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Q: How do we add integers with opposite sign?

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Add the magnitudes of the integers (-4 has a magnitude of 4), then take the sign to the answer.

copy the sign then add :)

Add the magnitudes, keep the sign.

You simply add the numbers: the answer has a positive sign.

Add their magnitudes, and keep the same sign for the sum.

Because that is how the opposite of a number is defined.

ADDING: same sign, add and keep that sign. opposite sides, subtract their absolute values and use the sign of the number with the larger absolute value SUBRTRACTING: change the sign of the subtrahend (2nd number) then ADD using rules above.

If you mean integers, well if you have two integers of the same sign that you are adding, add and the sign stays the same. If you have different signs, subtract and keep the sign of the one that has more. Regular numbers you just add them.

yes.

Adding two numbers with different signs means subtracting the two absolute integers (without sign) and vice versa.

Two integerss add to zero when their absolute values are equal and they have opposite signs.

That sounds sound.

Just multiply without the sign. Then add a minus sign to the result.

if the signs are the same you must add its opposite.

To add integers with like signs you jut put the positive in front of the answer (you just add and put a positive sign in front of it)

Regular .. Example=-6+-5=-11

NO, 8 and 4 cannot be opposite integers.Integers can be opposite by the difference in sign conversion of the same number. 8 and -8 are opposite.

If the larger of the two integers is negative, then their sum is negative, regardless of the sign of the smaller one.

-- If they both start out with the same sign (both negative or both positive), then do this: . . . . . add their two values . . . . . the answer has the same sign as the two original integers. -- If they start out with opposite signs (one negative and one positive), then do this: . . . . . forget about the signs . . . . . find their difference (subtract the smaller number from the larger one) . . . . . give it the sign of whichever original integer was the larger number.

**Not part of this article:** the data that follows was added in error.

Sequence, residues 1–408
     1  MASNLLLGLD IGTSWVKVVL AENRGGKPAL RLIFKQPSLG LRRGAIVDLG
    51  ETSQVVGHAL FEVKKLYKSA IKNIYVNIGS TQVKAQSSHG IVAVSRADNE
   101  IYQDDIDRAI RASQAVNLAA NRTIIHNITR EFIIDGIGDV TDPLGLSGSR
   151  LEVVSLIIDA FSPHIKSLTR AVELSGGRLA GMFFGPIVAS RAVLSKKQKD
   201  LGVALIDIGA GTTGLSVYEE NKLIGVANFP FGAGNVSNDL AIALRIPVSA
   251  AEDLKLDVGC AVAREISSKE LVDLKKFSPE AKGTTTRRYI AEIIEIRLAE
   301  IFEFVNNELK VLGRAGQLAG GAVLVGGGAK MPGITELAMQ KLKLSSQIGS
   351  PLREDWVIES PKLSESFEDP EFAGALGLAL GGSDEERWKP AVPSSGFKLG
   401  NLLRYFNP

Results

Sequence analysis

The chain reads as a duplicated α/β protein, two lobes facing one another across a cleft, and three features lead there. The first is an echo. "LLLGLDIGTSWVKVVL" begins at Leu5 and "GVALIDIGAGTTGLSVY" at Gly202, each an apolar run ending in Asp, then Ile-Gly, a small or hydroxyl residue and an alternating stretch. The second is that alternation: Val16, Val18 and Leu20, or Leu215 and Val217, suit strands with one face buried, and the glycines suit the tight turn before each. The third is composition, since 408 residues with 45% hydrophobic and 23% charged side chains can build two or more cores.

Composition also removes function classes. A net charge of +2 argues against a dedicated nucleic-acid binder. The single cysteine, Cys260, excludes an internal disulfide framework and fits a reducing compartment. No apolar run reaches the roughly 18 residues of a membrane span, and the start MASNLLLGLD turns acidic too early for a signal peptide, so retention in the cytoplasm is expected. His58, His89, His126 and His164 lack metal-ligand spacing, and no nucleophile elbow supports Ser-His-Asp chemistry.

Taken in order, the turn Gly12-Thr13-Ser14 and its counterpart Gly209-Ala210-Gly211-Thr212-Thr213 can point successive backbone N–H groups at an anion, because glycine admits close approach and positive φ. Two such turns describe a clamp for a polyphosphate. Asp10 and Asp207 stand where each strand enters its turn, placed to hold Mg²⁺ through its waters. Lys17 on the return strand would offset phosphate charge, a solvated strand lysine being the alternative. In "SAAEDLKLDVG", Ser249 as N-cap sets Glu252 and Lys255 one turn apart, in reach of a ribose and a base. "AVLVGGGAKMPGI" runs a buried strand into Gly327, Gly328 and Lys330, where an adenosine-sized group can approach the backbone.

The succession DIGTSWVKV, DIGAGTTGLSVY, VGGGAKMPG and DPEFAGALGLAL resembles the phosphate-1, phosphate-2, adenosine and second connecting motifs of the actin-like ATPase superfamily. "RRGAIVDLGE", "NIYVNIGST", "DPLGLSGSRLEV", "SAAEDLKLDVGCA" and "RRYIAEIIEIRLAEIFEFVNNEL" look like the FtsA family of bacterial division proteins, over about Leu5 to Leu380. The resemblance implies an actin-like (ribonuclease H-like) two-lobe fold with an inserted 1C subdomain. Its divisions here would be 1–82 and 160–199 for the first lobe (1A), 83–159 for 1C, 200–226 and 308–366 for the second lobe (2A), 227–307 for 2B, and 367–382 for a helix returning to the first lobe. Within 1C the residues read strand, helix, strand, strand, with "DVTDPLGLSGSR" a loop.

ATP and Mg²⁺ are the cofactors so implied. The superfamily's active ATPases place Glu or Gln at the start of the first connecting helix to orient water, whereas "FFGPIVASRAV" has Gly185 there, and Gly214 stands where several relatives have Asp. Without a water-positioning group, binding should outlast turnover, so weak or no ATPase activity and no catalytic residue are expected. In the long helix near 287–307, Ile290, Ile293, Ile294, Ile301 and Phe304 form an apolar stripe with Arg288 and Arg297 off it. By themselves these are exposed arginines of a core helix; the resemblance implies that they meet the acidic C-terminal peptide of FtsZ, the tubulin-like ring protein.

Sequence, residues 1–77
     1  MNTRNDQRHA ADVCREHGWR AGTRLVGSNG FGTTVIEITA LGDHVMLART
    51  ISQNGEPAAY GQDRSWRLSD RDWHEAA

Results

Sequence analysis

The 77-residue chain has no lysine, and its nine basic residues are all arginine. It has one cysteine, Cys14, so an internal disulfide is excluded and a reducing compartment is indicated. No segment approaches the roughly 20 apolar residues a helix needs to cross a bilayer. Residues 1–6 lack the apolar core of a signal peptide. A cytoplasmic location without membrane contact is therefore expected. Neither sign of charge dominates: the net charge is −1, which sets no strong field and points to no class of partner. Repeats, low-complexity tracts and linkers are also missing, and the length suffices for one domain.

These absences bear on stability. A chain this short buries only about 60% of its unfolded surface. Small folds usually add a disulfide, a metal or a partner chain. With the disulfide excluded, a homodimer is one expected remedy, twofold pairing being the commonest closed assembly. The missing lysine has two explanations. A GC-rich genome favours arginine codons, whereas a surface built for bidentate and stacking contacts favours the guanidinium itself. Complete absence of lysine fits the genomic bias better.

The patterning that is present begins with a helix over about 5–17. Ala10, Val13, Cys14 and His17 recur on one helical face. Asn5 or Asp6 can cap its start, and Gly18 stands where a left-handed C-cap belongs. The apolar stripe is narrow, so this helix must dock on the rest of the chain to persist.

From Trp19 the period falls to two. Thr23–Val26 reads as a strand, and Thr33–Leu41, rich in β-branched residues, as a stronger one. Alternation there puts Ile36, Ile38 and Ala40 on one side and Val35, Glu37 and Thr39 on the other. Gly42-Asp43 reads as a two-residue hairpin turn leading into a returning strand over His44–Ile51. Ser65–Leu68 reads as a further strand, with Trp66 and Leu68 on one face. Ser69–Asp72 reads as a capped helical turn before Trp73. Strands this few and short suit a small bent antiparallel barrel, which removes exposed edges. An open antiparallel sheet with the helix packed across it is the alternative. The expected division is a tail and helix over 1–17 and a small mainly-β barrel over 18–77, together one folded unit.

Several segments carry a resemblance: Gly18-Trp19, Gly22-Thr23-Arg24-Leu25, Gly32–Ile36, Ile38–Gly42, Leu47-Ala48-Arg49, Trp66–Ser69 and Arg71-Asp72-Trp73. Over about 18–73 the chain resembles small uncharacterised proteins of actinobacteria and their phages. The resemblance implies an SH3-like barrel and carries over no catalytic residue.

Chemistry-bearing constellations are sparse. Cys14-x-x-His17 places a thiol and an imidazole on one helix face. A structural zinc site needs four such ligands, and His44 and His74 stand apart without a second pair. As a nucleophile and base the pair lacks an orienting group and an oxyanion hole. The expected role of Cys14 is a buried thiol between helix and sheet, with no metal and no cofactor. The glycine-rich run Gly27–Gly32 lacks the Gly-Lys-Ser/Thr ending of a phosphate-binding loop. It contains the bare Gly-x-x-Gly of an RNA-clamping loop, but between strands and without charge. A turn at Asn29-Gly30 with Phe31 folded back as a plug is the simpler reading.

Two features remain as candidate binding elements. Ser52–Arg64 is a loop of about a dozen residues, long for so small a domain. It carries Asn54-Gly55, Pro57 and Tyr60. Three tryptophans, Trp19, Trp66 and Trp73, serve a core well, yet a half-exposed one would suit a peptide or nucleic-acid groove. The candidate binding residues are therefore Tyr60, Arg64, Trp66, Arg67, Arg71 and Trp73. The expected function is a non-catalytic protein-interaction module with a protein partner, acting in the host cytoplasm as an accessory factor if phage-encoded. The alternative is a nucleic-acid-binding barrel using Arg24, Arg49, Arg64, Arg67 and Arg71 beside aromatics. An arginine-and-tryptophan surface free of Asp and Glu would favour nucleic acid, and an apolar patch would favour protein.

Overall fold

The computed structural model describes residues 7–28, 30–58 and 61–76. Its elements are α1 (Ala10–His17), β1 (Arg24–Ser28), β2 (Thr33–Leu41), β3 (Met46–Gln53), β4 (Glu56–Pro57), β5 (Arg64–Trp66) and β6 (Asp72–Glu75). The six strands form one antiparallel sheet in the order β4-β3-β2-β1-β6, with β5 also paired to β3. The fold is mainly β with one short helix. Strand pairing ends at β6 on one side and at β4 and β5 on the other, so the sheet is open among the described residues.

if they are both negative, add like they are positive numbers, but just add the negative sign.

Adding integers, if they have the same sign, add their absolute values and keep the same sign. Subtracting, change the sign of the 2nd number and the add using rules of addition. Multiplying and dividing, Divide the absolute values, if the signs are the same the answer is positive, if the signs are different the answer is negative.

Integers are the "counting numbers" and their negative counterparts, and zero. Opposite integers are the pairs of integers that have the same absolute value, or, in other words, are the same distance from zero. 10 and -10 are opposite integers. 43 and -43 are opposite integers. It's just that simple.

Add the number together and give the answer the same sign as the numbers.

There are no such integers.

I feel that two negatives are positive because you add* your two negative integers* together, you would be doing this: -+- (negative + negative) so the response is, is that if two integers where both negative, you would add, just like if there were two positives, you would add, but not if you have different signs. (positive+negative) you would subtract. Just as the same with negative + positive. [REVIEW: if the sign is the same, add, if the sign is different, you subtract.] *=you may not always add *=integers- a fancy word for numbers.